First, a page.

How to become a children’s television writer in 601 easy steps – Part 1.
Step 1: Sacrifice your dream of becoming an ice skating crab.
I didn’t always want to be a writer, I wanted to play Sebastian the crab in a production of Disney On Ice. Alas, at the age of eleven my figure skating curriculum began to clash with saturday morning cartoons and I was regrettably forced into an early retirement. I didn’t know it at the time but this tremendous sacrifice was the first of many I would make on my journey towards writing for children’s television.
Step 2: Write some stuff.
I write episodes (the stories, the dialogue and the bad jokes) for shows like: Tashi, Figaro Pho, Winston Steinburger and Sir Dudley Ding Dong, Captain Flinn and the Pirate Dinosaurs, Guess How Much I Love You and I’m just about to start writing for one of my childhood favourites: Blinky Bill. I’ve also provided the voices for flatulent cartoon birds, town bullies and monkey princesses for TV shows: Heidi, Figaro Pho and Tashi. When I have spare time I spend it working on my web comic, Super Lonely Mutant Girl, developing my own kid’s TV shows and books, or rocking back and forth in the corner of my bedroom.
Super Lonely Mutant Girl
Step 3: Work out how to get paid to write stuff.
I didn’t know my job was a job people job’d at until I was jobbing my job on the daily. Fact. I spent my childhood writing stories, creating cartoons and watching everything Jim Henson ever made. Growing up, I was always a good writer but I was a terrible spellerer, grammernator and syntaxinizor. My high school English teachers would say, “Why you so good write story but no make words in the right place?” As it turns out I was lysdexic. This, I was sure, guaranteed that I would never be a writer, so I started writing the only kind of stories that no one would ever have to read: films.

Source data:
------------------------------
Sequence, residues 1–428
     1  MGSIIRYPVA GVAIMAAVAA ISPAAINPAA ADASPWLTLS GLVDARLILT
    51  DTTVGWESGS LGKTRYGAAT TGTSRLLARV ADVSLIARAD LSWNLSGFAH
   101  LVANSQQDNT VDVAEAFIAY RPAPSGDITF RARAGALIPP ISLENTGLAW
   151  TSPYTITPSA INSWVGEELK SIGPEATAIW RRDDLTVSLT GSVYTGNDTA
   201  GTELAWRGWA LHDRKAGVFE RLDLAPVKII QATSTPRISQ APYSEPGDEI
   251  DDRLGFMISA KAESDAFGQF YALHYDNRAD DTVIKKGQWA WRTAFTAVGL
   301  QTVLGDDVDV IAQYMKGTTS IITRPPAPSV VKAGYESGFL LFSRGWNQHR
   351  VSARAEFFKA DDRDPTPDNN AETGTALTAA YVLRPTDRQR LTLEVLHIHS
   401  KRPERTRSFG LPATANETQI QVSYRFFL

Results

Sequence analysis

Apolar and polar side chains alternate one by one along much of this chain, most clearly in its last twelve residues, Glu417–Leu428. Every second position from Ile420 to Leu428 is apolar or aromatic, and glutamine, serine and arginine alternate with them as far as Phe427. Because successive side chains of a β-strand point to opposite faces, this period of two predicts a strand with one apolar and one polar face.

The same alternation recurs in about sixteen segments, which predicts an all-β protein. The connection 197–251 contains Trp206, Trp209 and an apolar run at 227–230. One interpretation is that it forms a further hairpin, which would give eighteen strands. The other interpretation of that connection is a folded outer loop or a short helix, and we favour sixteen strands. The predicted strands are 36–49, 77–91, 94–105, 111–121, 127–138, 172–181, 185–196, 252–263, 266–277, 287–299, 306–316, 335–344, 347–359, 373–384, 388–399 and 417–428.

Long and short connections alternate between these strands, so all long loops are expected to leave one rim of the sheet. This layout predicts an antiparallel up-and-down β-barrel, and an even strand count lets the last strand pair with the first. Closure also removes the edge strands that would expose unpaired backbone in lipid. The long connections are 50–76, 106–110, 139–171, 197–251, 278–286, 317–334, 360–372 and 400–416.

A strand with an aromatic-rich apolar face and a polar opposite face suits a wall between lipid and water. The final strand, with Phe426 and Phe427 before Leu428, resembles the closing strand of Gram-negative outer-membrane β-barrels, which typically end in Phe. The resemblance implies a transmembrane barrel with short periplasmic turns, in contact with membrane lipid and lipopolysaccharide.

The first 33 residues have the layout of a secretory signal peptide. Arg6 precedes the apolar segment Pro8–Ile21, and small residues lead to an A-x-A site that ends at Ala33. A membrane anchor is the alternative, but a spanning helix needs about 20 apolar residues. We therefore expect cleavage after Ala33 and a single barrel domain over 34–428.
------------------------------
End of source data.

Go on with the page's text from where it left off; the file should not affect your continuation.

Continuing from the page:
“Tashi” is currently airing on ABC3.
Step 4: Become BFF’s with baked beans.
At Seventeen, I got a grant to make a short film about a girl who wanted to be a painting. I was so young my mum had to sign my production contract. The film won some awards and I was nominated for Best Young Australian Filmmaker. I was pretty sure at this rate Spielberg would be calling soon. Spoiler alert: he didn’t. Over the next six years I wrote and directed around twenty more short films, music videos and television commercials. Most of them ended up in a fire, lit by the coals of my own self-loathing. I worked on at least a hundred other productions in various capacities: shooting, editing, production designing, clapper loading, coffee bitch’n. I went to film school for a long while. I assistant directed a children’s feature film. Once I ironed Weird Al Yankovic’s shirts. Another time I played Lara Croft in an amusement park haunted house. When I wasn’t doing that I was paying my rent by working casual jobs with an enjoyment level of: kill me now.
Step 5: If you can’t work as a writer, work near them.
When I moved to Sydney, I had to get a real job to pay my OMFG-are-you-kidding-me rent. Luckily, a person knew a person, who knew another person who worked in a place and I ended up working as a production assistant on Happy Feet 2. I was disappointed to learn animation studios weren’t fitted with musical keyboard stairs and there wasn’t a crazy hat day BUT I learnt how real movies were made. I wrote emails, I scheduled things and I got coffees for George Miller. After that, I got another job in an animation studio that made kid’s TV and eventually I started writing for them because 1) I asked, 2) I could, and most importantly 3) I was there.
Without a doubt, the best way to become a children’s television writer is to be around people who need children’s television writers.
Next week: Step 6 – Ideas come from the same place that babies do.